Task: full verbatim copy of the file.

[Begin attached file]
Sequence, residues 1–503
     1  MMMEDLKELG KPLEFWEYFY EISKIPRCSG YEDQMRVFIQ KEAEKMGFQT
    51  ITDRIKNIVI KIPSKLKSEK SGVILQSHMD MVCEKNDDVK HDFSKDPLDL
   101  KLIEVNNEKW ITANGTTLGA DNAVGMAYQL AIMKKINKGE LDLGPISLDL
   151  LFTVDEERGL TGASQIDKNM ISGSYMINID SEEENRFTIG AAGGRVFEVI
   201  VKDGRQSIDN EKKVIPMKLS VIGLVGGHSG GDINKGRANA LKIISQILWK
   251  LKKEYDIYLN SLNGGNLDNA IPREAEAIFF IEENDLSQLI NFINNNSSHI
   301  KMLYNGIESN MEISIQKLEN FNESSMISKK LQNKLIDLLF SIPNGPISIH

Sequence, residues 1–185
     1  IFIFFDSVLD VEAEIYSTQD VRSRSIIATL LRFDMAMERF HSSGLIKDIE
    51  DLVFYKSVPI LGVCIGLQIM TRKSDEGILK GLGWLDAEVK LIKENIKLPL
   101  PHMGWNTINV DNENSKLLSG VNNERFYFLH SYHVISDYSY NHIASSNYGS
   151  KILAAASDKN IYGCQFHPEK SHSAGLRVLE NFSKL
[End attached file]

Sequence, residues 1–503
     1  MMMEDLKELG KPLEFWEYFY EISKIPRCSG YEDQMRVFIQ KEAEKMGFQT
    51  ITDRIKNIVI KIPSKLKSEK SGVILQSHMD MVCEKNDDVK HDFSKDPLDL
   101  KLIEVNNEKW ITANGTTLGA DNAVGMAYQL AIMKKINKGE LDLGPISLDL
   151  LFTVDEERGL TGASQIDKNM ISGSYMINID SEEENRFTIG AAGGRVFEVI
   201  VKDGRQSIDN EKKVIPMKLS VIGLVGGHSG GDINKGRANA LKIISQILWK
   251  LKKEYDIYLN SLNGGNLDNA IPREAEAIFF IEENDLSQLI NFINNNSSHI
   301  KMLYNGIESN MEISIQKLEN FNESSMISKK LQNKLIDLLF SIPNGPISIH

Sequence, residues 1–185
     1  IFIFFDSVLD VEAEIYSTQD VRSRSIIATL LRFDMAMERF HSSGLIKDIE
    51  DLVFYKSVPI LGVCIGLQIM TRKSDEGILK GLGWLDAEVK LIKENIKLPL
   101  PHMGWNTINV DNENSKLLSG VNNERFYFLH SYHVISDYSY NHIASSNYGS
   151  KILAAASDKN IYGCQFHPEK SHSAGLRVLE NFSKL